Hillary Clinton has won Virginia, a crucial swing state that Democrats have now captured for three presidential elections in a row.
The race was much, much closer than polling suggested. Clinton had consistently led Donald Trump throughout the race in Virginia, with the RealClearPolitics polling average putting her ahead by around 5 points in the state. We don’t know the final vote count yet, but the race is looking like it was settled by only 1 or 2 percentage points.
Still, Clinton will be extremely relieved to have secured Virginia’s 13 electoral votes — votes she may need given Trump’s surprisingly strong showing in several states.
Democrats expected to have a lock on Virginia. They didn’t.
Most political analysts thought Virginia would be a safe state for Clinton and the Democrats.
There was a lot of talk about how the explosive growth in population of the Washington, DC, suburbs had pushed the state to the left. In the 2000s, more than half of the state’s population growth occurred in the northern Virginia suburbs near DC, according to one paper by Lisa A. Sturtevant, a George Mason professor.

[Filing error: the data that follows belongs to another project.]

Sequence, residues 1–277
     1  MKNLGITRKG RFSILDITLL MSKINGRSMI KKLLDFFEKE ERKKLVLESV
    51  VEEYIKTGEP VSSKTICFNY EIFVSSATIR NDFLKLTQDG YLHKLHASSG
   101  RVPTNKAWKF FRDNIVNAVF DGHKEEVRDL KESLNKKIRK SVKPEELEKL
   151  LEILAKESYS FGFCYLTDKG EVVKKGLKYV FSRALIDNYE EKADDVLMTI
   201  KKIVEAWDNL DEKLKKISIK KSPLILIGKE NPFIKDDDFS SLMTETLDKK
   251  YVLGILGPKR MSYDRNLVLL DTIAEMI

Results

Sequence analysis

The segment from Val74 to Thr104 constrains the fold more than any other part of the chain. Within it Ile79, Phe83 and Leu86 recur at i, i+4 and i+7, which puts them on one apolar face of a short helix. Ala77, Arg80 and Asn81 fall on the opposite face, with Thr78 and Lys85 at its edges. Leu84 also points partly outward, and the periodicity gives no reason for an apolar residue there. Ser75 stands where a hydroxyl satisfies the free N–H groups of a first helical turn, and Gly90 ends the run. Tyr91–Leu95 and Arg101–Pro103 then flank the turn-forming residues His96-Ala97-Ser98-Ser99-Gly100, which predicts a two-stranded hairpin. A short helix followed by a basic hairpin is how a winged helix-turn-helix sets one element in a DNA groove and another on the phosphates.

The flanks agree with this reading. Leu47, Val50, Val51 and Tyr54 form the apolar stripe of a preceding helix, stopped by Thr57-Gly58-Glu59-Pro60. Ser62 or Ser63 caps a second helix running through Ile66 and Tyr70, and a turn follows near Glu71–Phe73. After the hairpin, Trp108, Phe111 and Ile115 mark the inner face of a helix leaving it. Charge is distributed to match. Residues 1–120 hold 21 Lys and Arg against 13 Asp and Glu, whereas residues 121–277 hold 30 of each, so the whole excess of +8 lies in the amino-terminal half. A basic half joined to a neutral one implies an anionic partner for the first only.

The state was also becoming more diverse. From 2007 to 2013, the share of Virginia’s population composed of Latinos jumped by 38 percent. About one-third of the state’s recent population growth comes from new Latino immigrants, according to a study by the Commonwealth Institute. That growth came at a time when Barack Obama dramatically boosted turnout among African Americans.
All of that — plus the favorable polls — suggested Clinton would have a cakewalk in the state. But nearly three hours after the polls closed, the state was still too close to call. As of 10 pm, Clinton was only running slightly ahead of Trump.
She was mostly hurt by a fall in black turnout, particularly in the Hampton Roads region of the state, according to Geoffrey Skelley, an elections expert at the University of Virginia’s Center for Politics.
Another big change was that, as we’re seeing nationally, rural parts of the country turned out for Trump in bigger margins than anyone expected, according to Skelley.
“She’s definitely underperforming what was expected,” he said. “She’ll win northern Virginia by a huge margin — and that’s going to save her — but she did a lot worse in places that relied on black turnout.”